When we start the trail I feel amazing. Usually, after a day off it takes time to get over the initial pains of not having walked for a day and getting energised again, but I’m flying. I’m flying until I decide the scenery is too amazing not to take pictures, so I let the others go and take my time. The trail is windy and fun and I just can’t get over these giant rocks – the concept is so alien to me that I thoroughly enjoy every single view. I eat my town foods – my banana cake and my apple, and then the trail moves away from the boulders and starts to go up.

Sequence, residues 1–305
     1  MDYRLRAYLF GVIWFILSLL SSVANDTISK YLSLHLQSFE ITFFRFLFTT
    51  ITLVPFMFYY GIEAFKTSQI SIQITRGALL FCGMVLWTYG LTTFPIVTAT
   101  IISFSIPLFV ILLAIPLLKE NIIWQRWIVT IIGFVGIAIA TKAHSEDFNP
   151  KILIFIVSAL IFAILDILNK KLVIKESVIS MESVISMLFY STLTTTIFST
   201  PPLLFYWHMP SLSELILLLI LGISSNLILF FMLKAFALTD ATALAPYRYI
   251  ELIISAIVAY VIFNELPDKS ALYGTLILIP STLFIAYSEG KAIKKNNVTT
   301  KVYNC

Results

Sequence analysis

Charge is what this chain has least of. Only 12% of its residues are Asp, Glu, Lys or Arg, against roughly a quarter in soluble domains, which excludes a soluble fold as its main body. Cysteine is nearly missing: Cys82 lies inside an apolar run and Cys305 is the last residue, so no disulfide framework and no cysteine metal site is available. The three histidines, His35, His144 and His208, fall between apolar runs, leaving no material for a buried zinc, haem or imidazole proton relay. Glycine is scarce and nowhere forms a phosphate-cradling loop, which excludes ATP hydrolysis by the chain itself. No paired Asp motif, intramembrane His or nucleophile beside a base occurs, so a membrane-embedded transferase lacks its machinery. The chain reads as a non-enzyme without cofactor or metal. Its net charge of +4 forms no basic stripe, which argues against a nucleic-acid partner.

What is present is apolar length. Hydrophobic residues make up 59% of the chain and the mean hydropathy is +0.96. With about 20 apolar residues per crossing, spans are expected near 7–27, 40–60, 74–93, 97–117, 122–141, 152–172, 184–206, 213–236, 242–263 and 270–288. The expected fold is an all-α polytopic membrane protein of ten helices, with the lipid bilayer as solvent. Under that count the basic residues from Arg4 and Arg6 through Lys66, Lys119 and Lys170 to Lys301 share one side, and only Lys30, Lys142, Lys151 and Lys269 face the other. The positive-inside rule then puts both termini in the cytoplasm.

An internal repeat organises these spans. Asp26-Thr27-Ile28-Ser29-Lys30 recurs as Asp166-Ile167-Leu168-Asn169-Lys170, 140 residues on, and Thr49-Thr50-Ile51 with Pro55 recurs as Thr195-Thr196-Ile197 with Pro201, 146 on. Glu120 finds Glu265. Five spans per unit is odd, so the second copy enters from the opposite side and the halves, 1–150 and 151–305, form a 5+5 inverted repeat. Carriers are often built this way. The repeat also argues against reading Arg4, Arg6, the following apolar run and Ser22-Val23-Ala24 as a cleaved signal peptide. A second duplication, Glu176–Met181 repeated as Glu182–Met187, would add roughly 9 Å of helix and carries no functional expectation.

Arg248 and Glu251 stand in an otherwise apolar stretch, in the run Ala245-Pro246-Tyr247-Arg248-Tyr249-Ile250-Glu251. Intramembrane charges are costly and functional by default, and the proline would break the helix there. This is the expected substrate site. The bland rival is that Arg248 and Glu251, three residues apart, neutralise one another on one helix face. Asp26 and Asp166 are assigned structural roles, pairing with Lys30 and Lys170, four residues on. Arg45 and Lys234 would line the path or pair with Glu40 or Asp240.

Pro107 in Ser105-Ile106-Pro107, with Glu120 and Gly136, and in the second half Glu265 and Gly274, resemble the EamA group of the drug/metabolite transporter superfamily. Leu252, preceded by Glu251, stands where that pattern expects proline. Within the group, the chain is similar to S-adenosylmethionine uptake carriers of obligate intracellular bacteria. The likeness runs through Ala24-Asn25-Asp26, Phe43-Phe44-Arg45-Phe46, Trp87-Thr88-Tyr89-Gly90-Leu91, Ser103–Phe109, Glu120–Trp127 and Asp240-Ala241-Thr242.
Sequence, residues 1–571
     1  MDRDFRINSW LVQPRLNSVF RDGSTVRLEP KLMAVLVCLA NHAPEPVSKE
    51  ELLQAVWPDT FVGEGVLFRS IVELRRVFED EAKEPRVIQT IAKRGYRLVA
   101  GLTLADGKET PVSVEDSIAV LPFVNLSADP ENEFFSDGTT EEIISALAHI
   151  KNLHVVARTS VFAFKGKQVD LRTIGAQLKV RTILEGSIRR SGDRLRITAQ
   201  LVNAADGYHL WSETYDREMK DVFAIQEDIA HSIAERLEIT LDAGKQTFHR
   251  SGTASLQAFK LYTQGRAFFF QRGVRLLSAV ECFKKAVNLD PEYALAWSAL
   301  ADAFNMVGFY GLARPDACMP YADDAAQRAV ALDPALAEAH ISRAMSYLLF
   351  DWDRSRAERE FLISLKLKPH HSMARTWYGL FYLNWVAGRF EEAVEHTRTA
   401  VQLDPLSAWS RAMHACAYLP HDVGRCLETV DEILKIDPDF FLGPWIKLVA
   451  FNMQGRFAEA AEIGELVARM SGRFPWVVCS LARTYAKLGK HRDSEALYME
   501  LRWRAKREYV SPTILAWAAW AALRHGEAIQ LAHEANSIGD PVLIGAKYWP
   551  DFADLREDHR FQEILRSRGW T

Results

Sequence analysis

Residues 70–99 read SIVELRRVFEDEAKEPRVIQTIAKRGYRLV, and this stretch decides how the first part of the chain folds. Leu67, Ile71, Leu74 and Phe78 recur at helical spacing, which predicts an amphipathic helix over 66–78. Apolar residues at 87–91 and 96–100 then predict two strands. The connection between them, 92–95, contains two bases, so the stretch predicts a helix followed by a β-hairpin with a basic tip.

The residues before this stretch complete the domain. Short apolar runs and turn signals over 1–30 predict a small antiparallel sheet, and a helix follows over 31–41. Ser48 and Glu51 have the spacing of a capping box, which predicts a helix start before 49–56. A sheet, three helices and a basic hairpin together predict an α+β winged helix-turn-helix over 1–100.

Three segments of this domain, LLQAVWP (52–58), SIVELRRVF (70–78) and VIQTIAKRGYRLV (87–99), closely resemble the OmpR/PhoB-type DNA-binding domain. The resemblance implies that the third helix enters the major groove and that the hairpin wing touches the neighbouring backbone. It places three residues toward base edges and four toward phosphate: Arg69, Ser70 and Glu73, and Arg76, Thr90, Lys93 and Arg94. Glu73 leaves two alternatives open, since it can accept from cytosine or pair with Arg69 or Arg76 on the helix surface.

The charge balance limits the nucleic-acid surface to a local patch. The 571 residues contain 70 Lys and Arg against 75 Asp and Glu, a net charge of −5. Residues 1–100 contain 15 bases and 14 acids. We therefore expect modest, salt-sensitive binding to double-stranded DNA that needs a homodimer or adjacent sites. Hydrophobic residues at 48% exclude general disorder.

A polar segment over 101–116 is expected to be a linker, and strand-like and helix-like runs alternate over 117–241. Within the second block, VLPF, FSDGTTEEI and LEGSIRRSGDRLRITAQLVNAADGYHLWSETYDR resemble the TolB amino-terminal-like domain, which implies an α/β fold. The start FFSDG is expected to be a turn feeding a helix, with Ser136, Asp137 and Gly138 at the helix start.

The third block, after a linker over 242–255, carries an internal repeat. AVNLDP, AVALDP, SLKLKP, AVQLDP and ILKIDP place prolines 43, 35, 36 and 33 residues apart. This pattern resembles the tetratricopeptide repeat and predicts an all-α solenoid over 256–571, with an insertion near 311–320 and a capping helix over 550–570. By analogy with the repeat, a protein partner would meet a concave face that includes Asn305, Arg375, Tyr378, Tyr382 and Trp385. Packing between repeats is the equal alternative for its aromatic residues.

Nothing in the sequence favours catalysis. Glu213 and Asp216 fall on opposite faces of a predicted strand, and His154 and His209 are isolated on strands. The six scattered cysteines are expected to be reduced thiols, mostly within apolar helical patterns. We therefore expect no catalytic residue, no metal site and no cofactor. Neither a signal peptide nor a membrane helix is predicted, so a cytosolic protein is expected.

When I reach the first water source, it’s suddenly busy. After the quiet morning with just Speedy and Black Water, I find myself in an unexpected queue of people. I skip the water source – it’s a quarter mile down a steep side trail, and opt to get water at Cedar Springs 5.5 miles ahead instead. It’s not an ideal situation – the creek is actually a mile off trail, and I’ll have to fill up a significant amount of water for the rest of the day, plus tomorrow, as I’ll be dry camping (camping without a water source nearby) tonight. As I’m already carrying food for six days for the first time, my pack is pretty much at capacity – so if I can prolong carrying water for a little while longer, I will.